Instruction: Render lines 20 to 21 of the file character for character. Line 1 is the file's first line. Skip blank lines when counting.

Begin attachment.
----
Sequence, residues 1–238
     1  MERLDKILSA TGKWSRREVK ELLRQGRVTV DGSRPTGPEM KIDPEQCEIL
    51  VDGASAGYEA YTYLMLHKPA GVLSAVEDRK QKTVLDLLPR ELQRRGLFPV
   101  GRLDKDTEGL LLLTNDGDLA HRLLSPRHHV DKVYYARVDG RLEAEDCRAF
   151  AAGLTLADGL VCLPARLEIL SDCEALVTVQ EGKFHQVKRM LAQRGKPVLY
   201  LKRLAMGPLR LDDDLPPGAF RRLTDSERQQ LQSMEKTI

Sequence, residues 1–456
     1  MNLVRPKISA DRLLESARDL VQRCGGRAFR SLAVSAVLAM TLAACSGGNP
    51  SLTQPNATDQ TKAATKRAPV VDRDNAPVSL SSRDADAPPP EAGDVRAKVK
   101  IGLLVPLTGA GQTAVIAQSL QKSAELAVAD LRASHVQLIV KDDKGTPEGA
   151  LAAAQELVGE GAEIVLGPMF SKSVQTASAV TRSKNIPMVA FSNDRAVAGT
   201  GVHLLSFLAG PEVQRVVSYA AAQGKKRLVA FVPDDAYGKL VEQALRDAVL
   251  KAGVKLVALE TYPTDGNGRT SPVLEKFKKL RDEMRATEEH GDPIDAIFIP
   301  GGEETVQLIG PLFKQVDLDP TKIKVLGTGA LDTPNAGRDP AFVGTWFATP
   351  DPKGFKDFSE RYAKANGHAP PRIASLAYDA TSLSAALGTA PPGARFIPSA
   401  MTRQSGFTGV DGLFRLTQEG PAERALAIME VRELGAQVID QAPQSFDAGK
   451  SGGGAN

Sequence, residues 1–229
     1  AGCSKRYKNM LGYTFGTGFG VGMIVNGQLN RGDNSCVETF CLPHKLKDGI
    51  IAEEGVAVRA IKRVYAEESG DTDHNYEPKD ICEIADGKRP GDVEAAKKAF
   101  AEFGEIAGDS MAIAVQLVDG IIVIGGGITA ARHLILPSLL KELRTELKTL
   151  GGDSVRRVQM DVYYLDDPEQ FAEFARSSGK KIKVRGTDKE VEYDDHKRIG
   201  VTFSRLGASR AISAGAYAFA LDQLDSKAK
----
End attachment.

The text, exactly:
    51  IAEEGVAVRA IKRVYAEESG DTDHNYEPKD ICEIADGKRP GDVEAAKKAF
   101  AEFGEIAGDS MAIAVQLVDG IIVIGGGITA ARHLILPSLL KELRTELKTL